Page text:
As writers, we have loads of tools available to us. From traditional encyclopedias and dictionaries, to sites like Wikipedia and the Chicago Manual of Style, any information you could possibly want (and then some) can be found somewhere nearby. Some of us like it old-school and on paper, and others like a keyboard and a computer screen. But no matter what your preference, I think we can all agree that these resources are indispensable.
However, I’ve found that there’s one tool writers need to be careful when using, and that is our trusty consultant, the thesaurus. It’s great for those times when you’re stuck and can’t think of an appropriate word, or when you need a different way to describe the color of someone’s eyes. The trick is making it seem like you didn’t actually reference your thesaurus a million times.
I think, in this instance, an example would be best. We’ll use a paragraph from one of my old manuscripts to demonstrate:
The picture was taken in July of 2002 – the summer you moved in next door. I remember how excited I was when Mom told me there was a kid my age moving into the old brick house, the one Mr. Bukowski died in. Heart attack, they said. There hadn’t been kids in our neighborhood for years, and I thought you’d be a boy who’d want to watch spy movies with me, or play sports, or help me dig a hole to China. Turns out you were a girl, but at least you didn’t mind playing in the dirt all day. Since you had an older brother, you didn’t mind watching football with me, even though you liked soccer better. You even offered to be goalie. It was love at first sight.
Thesaurusized (Yup! Made that one up!):
The portrait was developed in July of 2002 – the summer you moved in next door. I recall how energized I was when Mom informed me there was an adolescent my age moving into the aged brick dwelling, the one Mr. Bukowski expired in. Heart attack, they said. There hadn’t been adolescents in our locality for decades, and I considered you’d be a lad who’d want to view espionage motion pictures with me, or play sports education, or help me excavate a fissure to China. Turns out you were a lass, but at least you didn’t mind playing in the muck all day. Since you had a grown-up brother, you didn’t mind surveying football with me, even though you were keen on soccer instead. You even offered to be goalie. It was adoration at first sight.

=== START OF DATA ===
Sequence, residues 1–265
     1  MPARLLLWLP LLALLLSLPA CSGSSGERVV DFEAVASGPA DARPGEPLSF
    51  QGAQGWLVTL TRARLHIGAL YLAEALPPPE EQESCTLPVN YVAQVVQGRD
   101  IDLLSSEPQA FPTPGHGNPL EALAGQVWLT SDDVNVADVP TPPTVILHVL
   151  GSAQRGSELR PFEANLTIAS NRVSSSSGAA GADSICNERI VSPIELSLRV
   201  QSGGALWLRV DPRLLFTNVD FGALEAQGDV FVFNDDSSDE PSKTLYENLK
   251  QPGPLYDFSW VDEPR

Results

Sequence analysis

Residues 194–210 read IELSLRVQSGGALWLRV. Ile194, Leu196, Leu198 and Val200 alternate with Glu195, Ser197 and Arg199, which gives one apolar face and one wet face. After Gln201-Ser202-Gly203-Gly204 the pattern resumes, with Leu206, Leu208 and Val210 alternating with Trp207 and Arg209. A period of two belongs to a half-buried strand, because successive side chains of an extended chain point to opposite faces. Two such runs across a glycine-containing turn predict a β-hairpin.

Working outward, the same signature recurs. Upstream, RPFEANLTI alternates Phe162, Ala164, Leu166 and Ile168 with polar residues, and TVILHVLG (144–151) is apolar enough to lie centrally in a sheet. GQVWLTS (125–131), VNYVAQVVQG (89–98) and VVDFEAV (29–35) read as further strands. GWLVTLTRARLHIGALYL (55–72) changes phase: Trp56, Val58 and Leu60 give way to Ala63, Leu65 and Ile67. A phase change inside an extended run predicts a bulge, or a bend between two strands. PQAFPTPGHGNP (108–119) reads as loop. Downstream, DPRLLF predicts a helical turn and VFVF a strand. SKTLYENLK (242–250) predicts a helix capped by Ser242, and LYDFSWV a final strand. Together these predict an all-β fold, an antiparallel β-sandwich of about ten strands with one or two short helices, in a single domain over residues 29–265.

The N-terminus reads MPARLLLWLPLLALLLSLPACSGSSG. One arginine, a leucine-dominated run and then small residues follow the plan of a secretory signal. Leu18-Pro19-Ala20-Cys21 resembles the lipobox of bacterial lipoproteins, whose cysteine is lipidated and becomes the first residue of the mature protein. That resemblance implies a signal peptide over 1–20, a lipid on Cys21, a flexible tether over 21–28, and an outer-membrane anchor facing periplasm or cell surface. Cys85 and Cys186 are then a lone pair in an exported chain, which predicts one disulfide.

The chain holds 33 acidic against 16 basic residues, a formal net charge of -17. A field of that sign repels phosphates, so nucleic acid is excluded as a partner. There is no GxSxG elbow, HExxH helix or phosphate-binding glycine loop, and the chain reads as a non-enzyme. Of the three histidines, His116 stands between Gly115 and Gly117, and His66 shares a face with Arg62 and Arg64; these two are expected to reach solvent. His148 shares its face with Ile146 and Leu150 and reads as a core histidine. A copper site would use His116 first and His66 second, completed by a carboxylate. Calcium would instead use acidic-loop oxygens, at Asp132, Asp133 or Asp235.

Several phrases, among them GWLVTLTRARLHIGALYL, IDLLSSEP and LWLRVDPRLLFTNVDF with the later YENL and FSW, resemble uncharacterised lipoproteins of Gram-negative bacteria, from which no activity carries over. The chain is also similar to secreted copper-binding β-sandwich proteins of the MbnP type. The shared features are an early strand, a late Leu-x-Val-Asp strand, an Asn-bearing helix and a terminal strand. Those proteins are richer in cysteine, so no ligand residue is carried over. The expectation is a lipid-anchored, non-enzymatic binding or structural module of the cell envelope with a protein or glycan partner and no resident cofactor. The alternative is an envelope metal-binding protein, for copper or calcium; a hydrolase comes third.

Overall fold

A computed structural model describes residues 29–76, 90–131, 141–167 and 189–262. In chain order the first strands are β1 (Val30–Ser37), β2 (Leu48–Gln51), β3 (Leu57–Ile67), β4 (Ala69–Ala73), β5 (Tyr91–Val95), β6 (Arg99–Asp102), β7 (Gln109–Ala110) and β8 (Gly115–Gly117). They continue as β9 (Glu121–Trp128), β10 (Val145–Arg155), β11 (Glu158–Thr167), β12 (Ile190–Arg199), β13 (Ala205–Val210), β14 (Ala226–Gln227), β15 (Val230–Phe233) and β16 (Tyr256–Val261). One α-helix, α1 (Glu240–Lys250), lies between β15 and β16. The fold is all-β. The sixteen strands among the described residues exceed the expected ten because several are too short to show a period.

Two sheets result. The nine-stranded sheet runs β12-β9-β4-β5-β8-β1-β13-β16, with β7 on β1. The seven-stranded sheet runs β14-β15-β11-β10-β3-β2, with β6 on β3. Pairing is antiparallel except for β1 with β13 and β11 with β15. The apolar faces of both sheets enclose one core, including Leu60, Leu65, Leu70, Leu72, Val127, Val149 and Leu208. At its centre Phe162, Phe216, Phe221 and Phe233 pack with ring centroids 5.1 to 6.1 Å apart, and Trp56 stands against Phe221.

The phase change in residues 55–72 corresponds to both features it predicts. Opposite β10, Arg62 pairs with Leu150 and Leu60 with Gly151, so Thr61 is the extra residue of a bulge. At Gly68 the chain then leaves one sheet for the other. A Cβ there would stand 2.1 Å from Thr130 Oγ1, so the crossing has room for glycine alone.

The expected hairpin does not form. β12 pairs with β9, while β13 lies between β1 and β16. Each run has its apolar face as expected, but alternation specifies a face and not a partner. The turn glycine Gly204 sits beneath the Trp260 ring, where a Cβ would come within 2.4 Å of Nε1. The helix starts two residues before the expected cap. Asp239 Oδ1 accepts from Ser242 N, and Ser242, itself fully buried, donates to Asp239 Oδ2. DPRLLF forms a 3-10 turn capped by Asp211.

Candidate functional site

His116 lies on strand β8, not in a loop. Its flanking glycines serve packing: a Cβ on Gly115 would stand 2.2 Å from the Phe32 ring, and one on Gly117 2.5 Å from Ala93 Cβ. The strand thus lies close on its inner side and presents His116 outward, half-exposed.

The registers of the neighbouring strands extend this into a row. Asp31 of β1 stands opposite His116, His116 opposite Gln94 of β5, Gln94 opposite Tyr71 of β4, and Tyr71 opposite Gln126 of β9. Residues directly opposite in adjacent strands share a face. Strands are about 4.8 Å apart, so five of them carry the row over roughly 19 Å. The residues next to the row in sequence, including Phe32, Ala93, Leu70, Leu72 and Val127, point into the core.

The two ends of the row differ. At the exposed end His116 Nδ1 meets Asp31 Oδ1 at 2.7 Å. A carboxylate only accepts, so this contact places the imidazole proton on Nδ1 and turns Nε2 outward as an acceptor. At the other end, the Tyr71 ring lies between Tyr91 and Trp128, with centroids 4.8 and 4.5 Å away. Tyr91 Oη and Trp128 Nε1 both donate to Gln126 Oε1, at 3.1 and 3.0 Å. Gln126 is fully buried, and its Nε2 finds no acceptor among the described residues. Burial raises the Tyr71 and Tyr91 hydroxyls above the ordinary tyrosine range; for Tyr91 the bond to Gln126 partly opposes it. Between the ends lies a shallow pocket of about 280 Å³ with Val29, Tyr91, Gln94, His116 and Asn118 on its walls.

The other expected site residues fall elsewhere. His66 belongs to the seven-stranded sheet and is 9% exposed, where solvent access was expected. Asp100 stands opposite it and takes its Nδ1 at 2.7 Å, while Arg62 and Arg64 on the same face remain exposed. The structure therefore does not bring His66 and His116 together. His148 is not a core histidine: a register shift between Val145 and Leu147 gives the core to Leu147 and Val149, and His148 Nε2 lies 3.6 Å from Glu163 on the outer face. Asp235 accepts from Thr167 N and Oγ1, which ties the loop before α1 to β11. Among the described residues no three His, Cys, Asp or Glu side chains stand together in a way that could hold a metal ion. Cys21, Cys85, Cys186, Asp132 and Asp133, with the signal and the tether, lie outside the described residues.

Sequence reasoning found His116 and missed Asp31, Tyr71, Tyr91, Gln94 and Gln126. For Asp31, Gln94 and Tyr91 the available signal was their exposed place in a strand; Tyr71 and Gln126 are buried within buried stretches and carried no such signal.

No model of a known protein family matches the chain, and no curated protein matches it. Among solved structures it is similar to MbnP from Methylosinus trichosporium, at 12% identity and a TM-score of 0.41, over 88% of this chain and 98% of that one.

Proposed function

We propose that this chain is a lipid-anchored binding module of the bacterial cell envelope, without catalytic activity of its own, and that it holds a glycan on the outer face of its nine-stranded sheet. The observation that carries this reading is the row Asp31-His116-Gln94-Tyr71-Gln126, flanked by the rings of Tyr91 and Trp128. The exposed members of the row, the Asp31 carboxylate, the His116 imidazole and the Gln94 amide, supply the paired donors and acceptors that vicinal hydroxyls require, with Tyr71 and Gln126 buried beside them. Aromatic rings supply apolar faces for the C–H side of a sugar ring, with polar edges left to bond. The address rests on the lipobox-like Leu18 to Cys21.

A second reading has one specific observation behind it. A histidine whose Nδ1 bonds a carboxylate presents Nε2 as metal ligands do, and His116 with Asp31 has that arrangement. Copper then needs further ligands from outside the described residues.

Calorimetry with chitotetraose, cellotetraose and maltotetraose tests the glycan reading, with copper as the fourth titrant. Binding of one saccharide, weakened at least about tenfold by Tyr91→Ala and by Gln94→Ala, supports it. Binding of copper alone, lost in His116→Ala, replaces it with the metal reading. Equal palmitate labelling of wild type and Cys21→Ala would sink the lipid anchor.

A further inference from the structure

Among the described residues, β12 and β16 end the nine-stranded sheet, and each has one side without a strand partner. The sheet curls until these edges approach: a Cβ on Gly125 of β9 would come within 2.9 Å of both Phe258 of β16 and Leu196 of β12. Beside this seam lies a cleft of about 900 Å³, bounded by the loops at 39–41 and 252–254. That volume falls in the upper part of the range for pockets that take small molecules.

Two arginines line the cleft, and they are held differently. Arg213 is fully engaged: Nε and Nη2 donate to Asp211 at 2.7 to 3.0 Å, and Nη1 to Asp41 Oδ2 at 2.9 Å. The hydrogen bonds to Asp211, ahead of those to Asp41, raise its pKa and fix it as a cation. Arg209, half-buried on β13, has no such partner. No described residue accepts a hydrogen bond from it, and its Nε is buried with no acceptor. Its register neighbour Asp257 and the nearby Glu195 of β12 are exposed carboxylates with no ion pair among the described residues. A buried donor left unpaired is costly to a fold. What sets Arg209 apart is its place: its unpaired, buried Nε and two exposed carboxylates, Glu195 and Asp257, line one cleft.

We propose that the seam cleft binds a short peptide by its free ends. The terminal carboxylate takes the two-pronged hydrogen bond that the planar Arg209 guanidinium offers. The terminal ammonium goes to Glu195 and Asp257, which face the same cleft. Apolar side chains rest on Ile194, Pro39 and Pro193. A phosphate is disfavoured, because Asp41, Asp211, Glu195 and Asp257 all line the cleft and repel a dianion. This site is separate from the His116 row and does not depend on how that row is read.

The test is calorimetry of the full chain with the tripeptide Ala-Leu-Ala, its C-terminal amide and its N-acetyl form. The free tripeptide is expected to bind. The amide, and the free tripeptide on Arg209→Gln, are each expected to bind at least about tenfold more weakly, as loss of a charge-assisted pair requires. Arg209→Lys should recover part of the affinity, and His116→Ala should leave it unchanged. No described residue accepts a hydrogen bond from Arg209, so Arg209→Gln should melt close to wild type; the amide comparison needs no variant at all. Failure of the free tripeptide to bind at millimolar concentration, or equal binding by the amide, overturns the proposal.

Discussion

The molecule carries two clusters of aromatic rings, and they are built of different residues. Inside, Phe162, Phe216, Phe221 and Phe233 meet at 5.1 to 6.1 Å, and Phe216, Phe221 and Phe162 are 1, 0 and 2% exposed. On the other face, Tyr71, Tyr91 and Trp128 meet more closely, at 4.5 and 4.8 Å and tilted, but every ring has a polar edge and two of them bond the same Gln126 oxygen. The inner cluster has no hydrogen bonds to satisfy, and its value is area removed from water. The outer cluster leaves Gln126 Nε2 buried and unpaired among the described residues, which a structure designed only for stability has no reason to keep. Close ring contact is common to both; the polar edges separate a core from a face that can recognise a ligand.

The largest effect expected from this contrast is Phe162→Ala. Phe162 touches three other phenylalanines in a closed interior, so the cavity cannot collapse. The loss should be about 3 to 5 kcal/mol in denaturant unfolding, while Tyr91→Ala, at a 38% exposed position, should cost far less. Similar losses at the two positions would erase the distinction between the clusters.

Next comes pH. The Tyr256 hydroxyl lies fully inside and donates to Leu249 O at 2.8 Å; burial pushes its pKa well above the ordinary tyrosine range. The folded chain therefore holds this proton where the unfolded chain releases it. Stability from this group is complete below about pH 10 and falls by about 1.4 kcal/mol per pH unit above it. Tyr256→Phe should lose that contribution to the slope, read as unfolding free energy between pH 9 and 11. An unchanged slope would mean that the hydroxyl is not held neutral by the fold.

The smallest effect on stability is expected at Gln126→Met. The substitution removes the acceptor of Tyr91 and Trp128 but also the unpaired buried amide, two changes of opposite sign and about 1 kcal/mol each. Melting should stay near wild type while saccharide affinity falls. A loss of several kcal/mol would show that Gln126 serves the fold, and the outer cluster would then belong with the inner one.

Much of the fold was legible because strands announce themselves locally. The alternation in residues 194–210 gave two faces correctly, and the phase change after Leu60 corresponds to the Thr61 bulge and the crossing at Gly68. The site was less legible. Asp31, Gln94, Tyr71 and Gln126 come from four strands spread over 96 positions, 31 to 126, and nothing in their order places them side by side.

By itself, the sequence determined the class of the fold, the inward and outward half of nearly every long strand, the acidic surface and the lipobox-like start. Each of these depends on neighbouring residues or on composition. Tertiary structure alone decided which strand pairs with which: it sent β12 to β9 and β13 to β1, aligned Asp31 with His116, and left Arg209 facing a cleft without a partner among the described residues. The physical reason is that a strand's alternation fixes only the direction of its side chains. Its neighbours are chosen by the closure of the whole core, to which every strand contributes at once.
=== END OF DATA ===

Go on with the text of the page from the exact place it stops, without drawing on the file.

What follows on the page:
Obviously the second paragraph sounds ridiculous. But why? Probably because every word I could replace with something from the thesaurus, I did. Some of the choices don’t even make sense. The pacing is clunky and awkward, and you might have to stop and think once or twice about what’s actually being said. The whole thing is, essentially, a mess. Where the meanings in the original paragraph are clear, those in the thesaurusized version are confusing and really pull the reader from the story.
That’s the risk you run when over-using a thesaurus (or any resource, really). I’ve seen quite a number of submissions where it’s obvious that the author couldn’t think of a better word, and arbitrarily picked something out of the thesaurus. It seemed awkwardly placed, and I was forced to stop reading to consider why the author had chosen that word in the first place. The original meaning is lost, and in some cases, something entirely different is being said.
My advice? Read the sentence out loud. Like with dialogue, if you can read it out loud and it sounds fine, then you’re probably doing okay. But if you can read a sentence where you substituted a word from the thesaurus and it sounds awkward, then it most likely is. This method generally works for me, but in cases where I’m still not sure, I just ask whoever’s close by (try not to ask strangers, though. They might look at you funny). Trust me, friends aren’t afraid to tell you if a sentence sounds stupid.
So the next time you get stuck trying to find another way to describe chiseled abs, know that there’s a resource out there just waiting to help you! Just don’t let it get the best of you. Spicing up your language is great! Killing language is not.